On Monday, one of my patients called me to say she had tested positive for the coronavirus. The patient, who has sickle cell anemia and has had a bone-marrow transplant, lives several hours away from the hospital where I work in New York City. Because she is at extreme risk for complications from Covid-19, I began trying to secure the best medicine for preventing severe disease: monoclonal antibodies.
Monoclonal antibodies are made in the laboratory and are designed to mimic the immune system’s ability to fight off invaders like viruses. Different monoclonal antibodies are used to treat numerous illnesses. They have been found effective in treating people at a high risk of complications from Covid-19, and last fall the Food and Drug Administration approved their emergency use to treat the disease. But right now it’s too hard for patients to obtain this treatment.
After calls to several hospitals near my patient’s home, I found one that could administer monoclonal antibodies. She went to the hospital and remained in the emergency room for more than 24 hours, untreated because the doctors did not feel her condition warranted the medication. While she waited, she developed a sickle cell pain crisis that was doubtlessly provoked by her panic over the test result and the uncertainty about whether she would receive the treatment I recommended. By Tuesday night, she had a fever and a cough, and her treatment finally began.
As a clinical hematologist caring for people with compromised immune systems, I have watched in horror as Covid-19 has ravaged my patients. I have lost three colleagues and more than 20 patients to the disease. I contracted Covid-19 last March, before any useful treatment had been identified. Despite progress in vaccinations, the coronavirus remains a persistent and even growing problem in New York City, where about 4,000 new cases of Covid-19 are being identified every day, and thousands of people remain hospitalized.
When President Donald Trump fell sick with Covid-19 in October, he received monoclonal antibodies, as did several senior members of his inner circle. All of them survived, as do nearly 90 percent of high-risk patients who are treated early with this medication.
But despite the extraordinary efficacy of monoclonal antibodies, this lifesaving treatment is often difficult for regular people to obtain. When I tried to secure insurance approval for monoclonal antibody treatment for a high-risk patient without symptoms, I was told that the person, who was also at high risk for Covid-19 complications, wasn’t yet sick, even though that is the best time to treat people who have tested positive for the coronavirus and are at risk of severe outcomes from Covid. I pushed back and prevailed.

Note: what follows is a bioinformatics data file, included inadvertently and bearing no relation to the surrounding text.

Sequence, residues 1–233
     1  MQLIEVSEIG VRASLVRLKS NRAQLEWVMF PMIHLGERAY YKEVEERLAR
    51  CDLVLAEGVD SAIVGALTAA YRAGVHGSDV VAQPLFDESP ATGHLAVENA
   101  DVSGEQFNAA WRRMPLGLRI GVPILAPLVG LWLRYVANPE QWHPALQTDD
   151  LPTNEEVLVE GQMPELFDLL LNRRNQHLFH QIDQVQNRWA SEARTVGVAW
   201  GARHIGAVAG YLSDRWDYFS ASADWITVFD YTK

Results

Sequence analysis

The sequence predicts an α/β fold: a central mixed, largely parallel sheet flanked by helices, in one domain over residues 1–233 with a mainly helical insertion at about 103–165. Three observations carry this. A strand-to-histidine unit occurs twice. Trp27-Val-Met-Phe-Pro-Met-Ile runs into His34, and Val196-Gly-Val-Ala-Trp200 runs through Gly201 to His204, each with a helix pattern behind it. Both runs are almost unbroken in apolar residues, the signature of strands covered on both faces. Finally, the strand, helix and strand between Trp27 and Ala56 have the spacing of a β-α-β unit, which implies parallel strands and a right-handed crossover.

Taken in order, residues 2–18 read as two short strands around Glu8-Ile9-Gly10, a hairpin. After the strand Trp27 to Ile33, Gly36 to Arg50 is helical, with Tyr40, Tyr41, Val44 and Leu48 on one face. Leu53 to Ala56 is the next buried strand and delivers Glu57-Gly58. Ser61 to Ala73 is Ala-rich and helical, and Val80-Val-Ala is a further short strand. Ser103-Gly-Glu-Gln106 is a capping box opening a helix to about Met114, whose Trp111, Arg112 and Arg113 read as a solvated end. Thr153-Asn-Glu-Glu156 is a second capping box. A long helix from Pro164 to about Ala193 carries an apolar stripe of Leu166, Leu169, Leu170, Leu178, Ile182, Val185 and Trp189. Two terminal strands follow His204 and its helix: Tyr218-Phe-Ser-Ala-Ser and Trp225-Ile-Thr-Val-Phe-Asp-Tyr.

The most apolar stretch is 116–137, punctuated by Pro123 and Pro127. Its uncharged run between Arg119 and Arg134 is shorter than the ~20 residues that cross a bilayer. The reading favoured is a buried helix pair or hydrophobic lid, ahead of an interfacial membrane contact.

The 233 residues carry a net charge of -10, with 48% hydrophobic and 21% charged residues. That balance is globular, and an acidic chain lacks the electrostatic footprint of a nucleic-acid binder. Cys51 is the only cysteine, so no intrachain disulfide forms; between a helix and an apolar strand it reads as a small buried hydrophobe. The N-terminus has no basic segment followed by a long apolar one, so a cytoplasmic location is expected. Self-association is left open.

In the past month, I have given monoclonal antibodies to three high-risk patients in whom Covid-19 was newly diagnosed. Two have cancer and are in their 80s, and the other is a 55-year-old who had recently received a bone-marrow transplant to treat lymphoma. Two of the patients had mild symptoms. The other felt unwell but had no symptoms of Covid.
All three patients responded well to the treatment, but each instance required me to obtain approval from the hospital’s infectious-disease, pulmonary-medicine, pharmacy and emergency departments, something I don’t typically have to do as a senior attending physician. Each time I stayed with the patient until late in the evening to ensure that the planned treatment was accomplished. Because monoclonal antibody treatment can be administered only in an outpatient setting such as an infusion center or an emergency room, in one case I had to persuade members of the admitting team to discharge a patient from the hospital so that they could send him to the emergency room to receive the care he needed.
A colleague and I recently called all the hospitals in New York City’s five boroughs to find out whether they offer monoclonal antibodies to high-risk patients with Covid-19. Only three said they could provide the therapy to a high-risk patient without symptoms. Some said they would need to evaluate a patient in their emergency room, and others either didn’t know about monoclonal antibodies or would not discuss a referral.
The federal government has delivered more than 750,000 courses of monoclonal antibody treatment throughout the country, and Medicare has waived co-payments for patients receiving it. But insurance companies reimburse hospitals only for the cost of administering the drugs. That process is time-consuming, because the medicine is infused over several hours, and because these patients have active Covid-19 infections, they must be isolated. All of this makes the delivery of monoclonal antibodies a logistical challenge and expensive for the provider.
The Biden administration has pledged to make monoclonal antibody treatment more available, with a $150 million plan to deliver it to more patients who need it. This is a welcome development, but so far, in the field, we have seen no tangible change in access to treatment.
Coronavirus vaccines are preventing infections and serious illness. For those already infected with the virus and at risk for hospitalization or death, doctors can now intervene to improve their chances of survival. The Trump administration reassured the medical community that a ventilator would be available for every patient who needs one, but many Covid-19 patients who are placed on a ventilator die. Now doctors have a better option. Hospitals and insurance companies should commit to making this effective treatment available to anyone whose life it can save. Vaccination may not be effective in patients with compromised immune systems, but monoclonal antibodies work.
Perry Cook is a hematologist and oncologist at NewYork-Presbyterian Brooklyn Methodist Hospital and Weill Cornell Medicine in New York City.